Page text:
Category

# Math

In seven minutes:

Do three burpees.

Answer the first question. Look at the second question.

Do four burpees.

Continue until all questions are finished, or you reach the 7:00 cap.

This workout includes a very high cognitive load. Interference in the form of rising numbers (3 burpees the first equation, 4 for the second equation, 5 for the third…) means carrying an extra number in your short-term memory. Some will “sprint” by attempting to solve the question while doing the burpees. For athletes who are familiar with the movement, this should be of medium difficulty. But athletes who aren’t used to burpees, or aren’t used to vigorous exercise, will struggle to recall all five numbers and the answer.

Here’s the worksheet:

The ability to select and apply basic arithmetic operations (addition, subtraction, multiplication, and division problems) quickly and accurately require well developed computational skills. Calculating skills then are the techniques and methods in which we carry out these operations using mental methods, paper-and-pencil, and other counting tools to help us arrive at the answer.

Enhancing Computation and Calculation skills

Math continues to be one of those skills perceived as ‘fixed at birth’ and is one of the most avoided brain functions, often outsourced to a calculator or computer.  Like reading, it’s a subject that requires time, patience and perseverance in order to become proficient and even grow to love it.   Those that have well rounded computation and calculation skills spend time using a variety of calculating tools, especially mental methods and expose themselves to a wide variety of problems involving numbers.

Love it or hate it, basic numeracy skills are a vital part to everyday life.  Whether comparing prices, calculating tax, reading a statistic, splitting a pizza between 6 friends or trying to decide if you can jump over that puddle, computing and calculating are life-saving and life changing cognitive skills.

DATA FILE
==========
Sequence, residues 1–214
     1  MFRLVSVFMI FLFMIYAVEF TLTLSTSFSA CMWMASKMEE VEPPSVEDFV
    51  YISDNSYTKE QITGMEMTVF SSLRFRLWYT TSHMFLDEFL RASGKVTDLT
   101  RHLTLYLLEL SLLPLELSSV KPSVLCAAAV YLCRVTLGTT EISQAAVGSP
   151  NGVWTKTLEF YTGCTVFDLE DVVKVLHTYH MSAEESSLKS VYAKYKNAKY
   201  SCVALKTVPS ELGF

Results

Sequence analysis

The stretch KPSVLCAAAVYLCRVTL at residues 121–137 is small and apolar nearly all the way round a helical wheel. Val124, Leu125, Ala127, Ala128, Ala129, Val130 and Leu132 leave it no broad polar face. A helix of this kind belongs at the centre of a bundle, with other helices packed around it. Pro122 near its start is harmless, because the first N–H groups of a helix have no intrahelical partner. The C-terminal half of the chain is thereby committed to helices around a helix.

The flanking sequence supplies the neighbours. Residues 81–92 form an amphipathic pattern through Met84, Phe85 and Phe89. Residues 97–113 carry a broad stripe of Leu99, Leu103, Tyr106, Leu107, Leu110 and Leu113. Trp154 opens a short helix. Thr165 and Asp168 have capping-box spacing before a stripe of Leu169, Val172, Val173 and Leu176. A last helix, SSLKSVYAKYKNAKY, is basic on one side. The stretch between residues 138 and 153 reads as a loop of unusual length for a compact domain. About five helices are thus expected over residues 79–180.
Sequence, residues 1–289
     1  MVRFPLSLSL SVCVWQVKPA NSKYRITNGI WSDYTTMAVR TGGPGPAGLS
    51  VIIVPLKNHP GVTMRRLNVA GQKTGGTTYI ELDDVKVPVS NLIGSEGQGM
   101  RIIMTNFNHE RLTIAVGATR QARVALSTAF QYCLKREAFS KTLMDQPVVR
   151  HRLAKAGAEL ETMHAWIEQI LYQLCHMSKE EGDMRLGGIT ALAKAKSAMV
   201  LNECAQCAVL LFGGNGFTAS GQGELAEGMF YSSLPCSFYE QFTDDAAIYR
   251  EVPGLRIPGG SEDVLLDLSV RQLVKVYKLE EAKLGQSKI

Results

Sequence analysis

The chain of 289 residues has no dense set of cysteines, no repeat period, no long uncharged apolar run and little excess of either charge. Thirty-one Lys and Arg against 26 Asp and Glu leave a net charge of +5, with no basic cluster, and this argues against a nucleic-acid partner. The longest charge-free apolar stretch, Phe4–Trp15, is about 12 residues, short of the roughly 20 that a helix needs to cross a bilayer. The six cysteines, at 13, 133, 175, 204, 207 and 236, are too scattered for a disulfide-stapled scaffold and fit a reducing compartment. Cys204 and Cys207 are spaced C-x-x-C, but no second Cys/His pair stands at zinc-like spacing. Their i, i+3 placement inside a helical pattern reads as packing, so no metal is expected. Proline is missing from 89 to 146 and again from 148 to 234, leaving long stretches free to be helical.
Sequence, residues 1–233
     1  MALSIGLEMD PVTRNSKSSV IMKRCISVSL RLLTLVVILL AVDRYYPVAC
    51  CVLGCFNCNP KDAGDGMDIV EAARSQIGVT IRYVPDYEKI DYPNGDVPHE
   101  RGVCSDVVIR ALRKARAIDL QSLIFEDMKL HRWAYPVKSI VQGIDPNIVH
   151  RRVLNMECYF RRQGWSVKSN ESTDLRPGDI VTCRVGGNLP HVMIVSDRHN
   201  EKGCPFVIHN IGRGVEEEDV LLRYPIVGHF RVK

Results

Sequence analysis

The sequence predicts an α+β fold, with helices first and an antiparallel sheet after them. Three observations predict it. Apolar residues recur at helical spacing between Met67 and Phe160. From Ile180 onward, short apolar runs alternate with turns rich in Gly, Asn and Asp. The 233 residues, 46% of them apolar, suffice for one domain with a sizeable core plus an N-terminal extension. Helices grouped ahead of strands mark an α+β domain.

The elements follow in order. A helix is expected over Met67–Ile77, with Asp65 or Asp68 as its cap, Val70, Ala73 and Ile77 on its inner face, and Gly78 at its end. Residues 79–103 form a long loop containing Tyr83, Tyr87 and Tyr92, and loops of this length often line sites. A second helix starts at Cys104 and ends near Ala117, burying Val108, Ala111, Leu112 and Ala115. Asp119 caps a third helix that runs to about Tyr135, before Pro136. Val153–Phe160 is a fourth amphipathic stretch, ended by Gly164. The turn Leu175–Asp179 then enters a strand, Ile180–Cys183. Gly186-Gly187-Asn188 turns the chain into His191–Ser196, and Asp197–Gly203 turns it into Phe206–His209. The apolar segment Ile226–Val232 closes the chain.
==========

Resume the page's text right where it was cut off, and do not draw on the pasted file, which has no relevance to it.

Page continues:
Try this Number Search activity to challenge your computation skills by selecting addition or subtraction to make the equations true.

Work on your calculating skills using a variety of methods, mental, pen and paper, objects, abacus, etc. in this Mixed Operations work sheet from www.math-aids.com

In Part 3 of this series we take a look at another important skill involving vision called Visual Spatial Processing.  The affect that this system has on learning is quite profound. Students who struggle with visual spatial processing may have:

• difficulty making visual images to “see something in the mind’s eye” or “get the picture”
• difficulty remembering and differentiating left and right
• difficulty in combining disconnected, vague or partially hidden visual information patterns into a meaningful whole
• difficulty manipulating simple visual patterns or maintaining their orientation to see things in space
• difficulty mentally manipulating objects or visual patterns to see how they would appear if altered or rotated in space
• difficulty finding a path through a spatial field or pattern
• difficulty in estimating or comparing visual lengths and distances without measuring them
• difficulty understanding mathematics concepts in geometry, calculus and other higher math
• difficulty in remembering letter formations and letter patterns
• difficulty in reading charts, maps and blueprints and extracting the needed information
• difficulty arranging materials in space, such as in their desks or lockers or rooms at home
• difficulty catching all visual details
• difficulty copying information from far point, like the blackboard or from near point, like texts

Source

Enhancing these skills vs. reducing their use

When designing instructional strategies around visual spatial processing, a common approach is to reduce the use of visual spatial processing opting for more language based processing so that the student can keep up with the flow of the lesson.

Rather, create opportunities for students to strengthen their visual spatial skills because they much more capable of solving problems in the future having worked on this skill.

Physical challenges that focus on body awareness is a fun and easy place to start building this skill as well as sharpen executive functions like planning, organization and evaluating.